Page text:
An act of generosity writes a new chapter in a story begun 20 years ago on the other side of the world| From Giving | By Jeffrey L. Cruikshank
Nory Leachon (left) and Nizzi Santos Digan on Marsh Plaza. Photo by Jonathan Kannair
In the late 1980s, Nizzi Santos Digan, who had trained as a teacher, worked for a refugee-resettlement program headquartered in Manila, in her Philippine homeland. At the time, the U.S. government, collaborating with the International Catholic Migration Commission (ICMC), was preparing Vietnamese, Laotian, and Cambodian refugees to succeed in new lives in America.
Among Digan’s coworkers was a young Filipino cultural-orientation instructor named Nory Leachon. The two struck up a friendship, often comparing notes about their experiences on the front lines of resettlement.
Digan (STH’02) had vacationed in the United States every year while working with the Indo-Chinese refugees, so she understood America. On a trip to Chicago in 1993, she got an out-of-the-blue job offer through a former ICMC colleague working at a Christian school in Boston that desperately needed two teachers. It happened that Digan had a sister, also a former teacher with the ICMC, who was vacationing in Seattle. Would the sisters consider relocating to Boston and filling in for a year?
So Digan began a new life, teaching biology, math, and Bible studies in Massachusetts. One year turned into two, then three, and ultimately five. In 1999, she responded to a call to ministry that she had been resisting for 17 years. A fourth-generation Methodist—her great-grandfather had been brought into the faith by American Methodist missionaries—whose grandfather and father were Methodist pastors, Digan enrolled in BU’s School of Theology.
After graduating from BU in 2002, Digan served at a church in Lynn, Mass., two congregations in Everett, and a church in Saugus.
At about the same time, unbeknownst to Digan, her former ICMC colleague Nory Leachon felt called to the ministry. After ICMC, Leachon had gone on to work in an architectural office in Singapore, where she became a naturalized citizen and explored a number of faiths, including Methodism. “I was raised a Catholic,” she explains, “but it was at a Methodist church in Singapore that I finally decided that I wanted to be involved in ministry and mission.” She enrolled in STH in spring 2008.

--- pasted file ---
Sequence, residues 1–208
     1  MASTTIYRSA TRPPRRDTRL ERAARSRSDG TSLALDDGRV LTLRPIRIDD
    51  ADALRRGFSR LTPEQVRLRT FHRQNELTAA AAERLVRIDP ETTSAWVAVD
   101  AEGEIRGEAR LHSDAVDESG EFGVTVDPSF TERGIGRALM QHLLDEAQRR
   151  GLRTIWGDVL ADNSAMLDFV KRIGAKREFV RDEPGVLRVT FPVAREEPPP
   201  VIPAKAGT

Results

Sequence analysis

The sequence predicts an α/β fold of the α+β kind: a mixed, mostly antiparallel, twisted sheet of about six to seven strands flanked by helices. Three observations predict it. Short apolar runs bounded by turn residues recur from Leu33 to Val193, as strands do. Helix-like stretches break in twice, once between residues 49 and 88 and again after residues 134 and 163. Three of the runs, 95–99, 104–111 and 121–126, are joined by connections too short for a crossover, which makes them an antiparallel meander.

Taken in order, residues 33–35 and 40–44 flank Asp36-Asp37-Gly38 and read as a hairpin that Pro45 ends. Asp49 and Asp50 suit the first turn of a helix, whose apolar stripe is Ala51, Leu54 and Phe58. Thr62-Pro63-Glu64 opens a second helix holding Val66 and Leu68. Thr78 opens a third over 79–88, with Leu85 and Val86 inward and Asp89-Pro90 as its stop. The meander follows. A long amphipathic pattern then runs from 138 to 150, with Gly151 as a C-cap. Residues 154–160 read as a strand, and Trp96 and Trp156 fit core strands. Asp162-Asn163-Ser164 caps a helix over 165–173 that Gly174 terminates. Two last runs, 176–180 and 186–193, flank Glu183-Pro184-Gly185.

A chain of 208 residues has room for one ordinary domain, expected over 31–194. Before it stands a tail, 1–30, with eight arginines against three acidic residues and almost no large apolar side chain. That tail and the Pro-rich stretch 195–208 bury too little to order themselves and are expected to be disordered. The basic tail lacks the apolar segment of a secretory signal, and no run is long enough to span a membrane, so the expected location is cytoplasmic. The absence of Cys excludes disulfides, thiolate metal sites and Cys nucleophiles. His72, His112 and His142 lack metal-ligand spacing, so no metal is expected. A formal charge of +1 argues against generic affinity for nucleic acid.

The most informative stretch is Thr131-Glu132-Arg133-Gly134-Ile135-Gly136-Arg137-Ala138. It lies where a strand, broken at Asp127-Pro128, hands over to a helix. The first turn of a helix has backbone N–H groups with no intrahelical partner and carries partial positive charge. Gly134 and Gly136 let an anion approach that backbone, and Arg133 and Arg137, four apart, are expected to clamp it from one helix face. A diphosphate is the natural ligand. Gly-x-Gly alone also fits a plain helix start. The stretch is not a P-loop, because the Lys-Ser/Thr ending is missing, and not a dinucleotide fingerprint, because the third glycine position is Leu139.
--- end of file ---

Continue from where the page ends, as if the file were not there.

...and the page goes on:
By early 2011, still in Saugus, Digan faced a welcome problem. Her pastoral budget for the upcoming year included a raise for herself. She didn’t want to accept it. “I’m not rich,” she says, “and I don’t have extra money, but I do have the necessities of life. I’ve received wonderful blessings since I’ve been in this country—including when I was at the School of Theology.” Chief among those blessings was a generous scholarship that made it possible for her to afford her seminary education. So she decided to use her first raise to create a scholarship at STH for students following in her footsteps.
Digan wanted her scholarship to be awarded to a minority woman, preferably aged 35 years or older, who had embarked upon the ministry as a second career. “I wanted to encourage someone in tough circumstances, who might feel alone,” she says.
School of Theology officials readily agreed to Digan’s offer, and went looking for a deserving student who met her criteria. Using a blind selection process, they came up with a candidate: Nory Leachon.
Leachon recalls being “more than a little surprised to get an email from the school telling me that I had received a scholarship from the Reverend Nizzi Digan Fund!”
Digan was delighted.
Since then, Digan has moved on to the Good Shepherd United Methodist Church, in Malden, Mass. Leachon (STH’12) expects to earn a degree next year.
Both Digan and Leachon refer regularly to God’s grace as a powerful force that has continuously shaped their lives. Clearly, both believe that it was God’s grace that brought them together in Manila years ago—and reunited them, through an act of generosity, almost two decades later.